Premature infants survive better in high-level neonatal intensive care units (NICUs) than in general hospitals, revealed the largest to date recent study. In addition that the benefit is significantly bigger than was reported previously. Premature infants are those who born prior to thirty-seen weeks gestational period.
But, in this study researchers described extremely preterm infants as those who born prior to thirty-two weeks and moderately preterm infants as those who born between thirty-two and thirty-seven weeks. The probability that an extremely premature infant will survive when born in a high-technology and high-volume hospital unit was already recognized.
However, the latest study revealed the strongest effect of NICUs. The team of neonatologists from the Children`s Hospital of Philadelphia, conducted a retrospective study of all hospital-based deliveries of infants with a gestational age between twenty-three and thirty-seven weeks in Pennsylvania, California and Missouri.
The study focused on preterm deliveries in high-level NICUs, compared to preterm deliveries at all other hospitals. Paediatric researchers who analyzed more than one hundred thirty million premature births over a decade found that the survival benefits applied not only to extremely preterm babies, but also to moderately preterm newborns.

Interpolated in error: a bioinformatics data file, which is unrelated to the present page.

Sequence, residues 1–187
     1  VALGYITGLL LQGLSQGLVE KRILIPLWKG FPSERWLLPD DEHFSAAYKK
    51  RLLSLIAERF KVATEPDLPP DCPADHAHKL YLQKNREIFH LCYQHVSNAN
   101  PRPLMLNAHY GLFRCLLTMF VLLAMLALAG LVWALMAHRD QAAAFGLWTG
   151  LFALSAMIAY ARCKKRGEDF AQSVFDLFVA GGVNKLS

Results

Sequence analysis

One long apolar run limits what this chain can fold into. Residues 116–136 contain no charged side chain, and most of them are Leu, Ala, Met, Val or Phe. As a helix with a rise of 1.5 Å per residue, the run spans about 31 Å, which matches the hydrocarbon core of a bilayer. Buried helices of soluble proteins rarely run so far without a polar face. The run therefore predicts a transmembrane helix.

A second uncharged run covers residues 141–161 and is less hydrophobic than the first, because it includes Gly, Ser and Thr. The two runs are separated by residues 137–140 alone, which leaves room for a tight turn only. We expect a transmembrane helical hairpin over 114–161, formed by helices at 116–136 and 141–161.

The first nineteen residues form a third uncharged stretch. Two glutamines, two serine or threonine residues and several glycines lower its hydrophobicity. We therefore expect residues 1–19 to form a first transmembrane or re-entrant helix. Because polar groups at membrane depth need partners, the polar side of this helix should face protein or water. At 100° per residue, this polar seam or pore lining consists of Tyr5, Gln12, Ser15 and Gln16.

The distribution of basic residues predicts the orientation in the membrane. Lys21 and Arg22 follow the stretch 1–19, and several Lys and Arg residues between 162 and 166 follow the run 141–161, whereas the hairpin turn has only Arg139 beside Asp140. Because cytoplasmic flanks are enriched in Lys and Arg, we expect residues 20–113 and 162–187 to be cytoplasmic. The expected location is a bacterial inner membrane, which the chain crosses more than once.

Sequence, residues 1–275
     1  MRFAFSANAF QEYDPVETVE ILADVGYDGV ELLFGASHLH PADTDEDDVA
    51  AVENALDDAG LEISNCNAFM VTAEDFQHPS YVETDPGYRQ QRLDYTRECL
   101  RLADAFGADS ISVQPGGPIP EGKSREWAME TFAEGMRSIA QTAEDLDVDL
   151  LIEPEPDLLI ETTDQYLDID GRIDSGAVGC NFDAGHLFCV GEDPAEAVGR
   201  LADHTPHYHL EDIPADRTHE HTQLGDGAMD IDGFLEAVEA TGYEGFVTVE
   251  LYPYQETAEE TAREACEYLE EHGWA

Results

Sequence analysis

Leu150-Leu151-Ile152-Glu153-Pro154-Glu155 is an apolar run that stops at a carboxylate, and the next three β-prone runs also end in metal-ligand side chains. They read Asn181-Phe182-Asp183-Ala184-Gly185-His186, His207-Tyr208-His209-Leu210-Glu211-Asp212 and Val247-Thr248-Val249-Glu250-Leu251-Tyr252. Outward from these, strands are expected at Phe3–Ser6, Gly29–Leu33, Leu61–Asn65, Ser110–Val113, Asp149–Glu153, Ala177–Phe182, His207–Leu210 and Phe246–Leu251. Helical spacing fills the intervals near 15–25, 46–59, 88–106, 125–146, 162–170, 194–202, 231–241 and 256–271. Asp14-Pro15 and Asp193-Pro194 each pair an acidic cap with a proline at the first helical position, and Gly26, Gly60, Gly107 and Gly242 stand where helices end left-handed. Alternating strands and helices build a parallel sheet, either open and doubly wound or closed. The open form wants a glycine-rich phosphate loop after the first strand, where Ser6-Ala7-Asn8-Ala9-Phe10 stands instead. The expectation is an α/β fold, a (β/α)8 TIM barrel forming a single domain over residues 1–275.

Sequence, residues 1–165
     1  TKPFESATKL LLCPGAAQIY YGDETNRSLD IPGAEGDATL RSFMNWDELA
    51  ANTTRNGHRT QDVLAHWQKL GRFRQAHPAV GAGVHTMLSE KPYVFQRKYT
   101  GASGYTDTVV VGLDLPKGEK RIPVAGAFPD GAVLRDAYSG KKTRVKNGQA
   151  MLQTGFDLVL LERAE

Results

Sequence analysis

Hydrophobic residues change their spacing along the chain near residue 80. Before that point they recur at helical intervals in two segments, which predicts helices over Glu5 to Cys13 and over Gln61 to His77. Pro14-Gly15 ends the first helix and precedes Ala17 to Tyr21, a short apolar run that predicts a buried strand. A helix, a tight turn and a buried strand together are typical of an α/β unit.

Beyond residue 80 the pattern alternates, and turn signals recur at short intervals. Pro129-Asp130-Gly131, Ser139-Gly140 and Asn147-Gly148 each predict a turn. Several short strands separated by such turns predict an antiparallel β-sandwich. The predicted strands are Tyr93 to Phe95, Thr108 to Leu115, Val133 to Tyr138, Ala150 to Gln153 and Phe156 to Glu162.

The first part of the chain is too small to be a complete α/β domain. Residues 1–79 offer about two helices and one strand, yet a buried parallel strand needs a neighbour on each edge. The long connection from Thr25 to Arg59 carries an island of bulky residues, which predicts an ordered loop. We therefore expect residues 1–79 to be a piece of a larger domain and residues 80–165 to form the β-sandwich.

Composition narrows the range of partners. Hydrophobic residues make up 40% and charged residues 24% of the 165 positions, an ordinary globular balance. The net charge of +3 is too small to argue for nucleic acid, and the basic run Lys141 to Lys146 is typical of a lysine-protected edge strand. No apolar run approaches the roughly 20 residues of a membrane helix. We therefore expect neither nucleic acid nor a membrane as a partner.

They found three hundred percent improvement in the rates of survival, when the study design controlled for the effect of sicker patients who typically deliver at high-level NICUs. The rates of complication were similar for both types of hospitals. The study findings were published in the journal Paediatrics
Lead author Scott A. Lorch, neonatologist at The Children`s Hospital of Philadelphia, explained previous studies from the early ninety’s found increased survival rates of thirty to fifty percent among preterm infants delivered at high-level NICUs, compared to preterm infants delivered elsewhere. But their latest research found improvement by three hundred percent.